Let’s recap a few things before we look in more detail about the issues that make divers rethink buoyancy control when they switch from OC to a rebreather.
So-called neutral buoyancy is achieved by adjusting the volume of you and your kit so that the whole “unit” displaces a volume of water weighing exactly the same as you and your equipment. If the volume of water you displace weighs less than you and your kit, there’s some weight “left over” and you’ll sink; if it weighs more, there’s buoyancy to spare and you’ll float. Archimedes Principle pure and simple.
Most people float. Our bodies contain a lot of water and are essentially a very similar density to water. Of course some parts are heavier – things like bones, teeth, muscles, and so on – while other parts are lighter – the air in our lungs, sinuses, ears, digestive system for example. Fat is important too. In fact it is the most important factor because usually there is a fair amount of it, it’s lighter than water and it therefore has a great influence on whether we sink or float naturally. Simply put, lean people are sinkers, and the rest of us float with varying degrees of ease. I read somewhere that the average person needs to add one to three kilos (about two to six pounds) of ballast to be neutral in a swimming pool or fresh water.
And as we know, if a fully kitted-out diver perfectly balances their buoyancy in a swimming pool or a fresh water spring, lake or river, they will float in the ocean. They will displace exactly the same volume of water in both situations, but salt water is around three percent heavier than fresh and consequently generates a greater buoyant force. Because of this, we know that we must add extra ballast to help control our buoyancy when we switch from fresh water to salt.
One other factor to consider is that volume of water a diver and kit displaces changes as they change depth due to compression.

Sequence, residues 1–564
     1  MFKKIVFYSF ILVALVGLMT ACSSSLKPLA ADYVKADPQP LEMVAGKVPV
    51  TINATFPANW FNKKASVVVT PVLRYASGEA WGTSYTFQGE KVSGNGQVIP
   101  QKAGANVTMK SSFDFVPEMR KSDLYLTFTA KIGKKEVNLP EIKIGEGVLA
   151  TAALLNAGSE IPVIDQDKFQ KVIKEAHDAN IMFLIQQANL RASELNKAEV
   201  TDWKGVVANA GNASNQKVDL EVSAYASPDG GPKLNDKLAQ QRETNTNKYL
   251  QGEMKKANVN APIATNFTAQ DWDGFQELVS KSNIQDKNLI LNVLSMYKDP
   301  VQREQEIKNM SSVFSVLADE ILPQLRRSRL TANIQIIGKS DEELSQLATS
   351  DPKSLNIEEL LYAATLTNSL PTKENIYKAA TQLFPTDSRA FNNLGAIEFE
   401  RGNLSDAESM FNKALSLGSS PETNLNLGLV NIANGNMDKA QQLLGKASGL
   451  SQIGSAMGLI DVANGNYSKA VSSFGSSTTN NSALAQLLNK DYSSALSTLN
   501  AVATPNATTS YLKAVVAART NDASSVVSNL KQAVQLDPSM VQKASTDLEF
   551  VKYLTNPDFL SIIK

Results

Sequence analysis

A neoprene wetsuit or drysuit (and to a much lesser extent, a compressed neoprene drysuit) compresses as the pressure at depth increases. In effect, the buoyant effect of these things is lessened. The degree of change is relative to the thickness of the neoprene being worn and how much of it there is, but there will be some change and most will occur relatively near the surface.
To compensate for these slight variations, divers add gas to their flotation devices (BCD, Wing, or Floatation Cell). Drysuit divers must also add gas to compensate for increase pressure squeezing the small volume of gas trapped inside their suit. (For the record, all divers must compensate for depth by adding gas to the very small volume of gas trapped in their mask, although this does not have any effect on buoyancy, just comfort.)
The final factor involved with buoyancy control is the gas in a diver’s body. The volume of gas in their ears and sinuses does not change as they dive, but its density does as outside pressure increases with depth; and divers learn how to equalize those regions. If they fail to do so, they will suffer a ‘squeeze’. There is also gas in the stomach and intestines. It too compresses with depth and returns to its original volume when the diver surfaces, but the volume of this gas is usually too small to notice any change in buoyancy.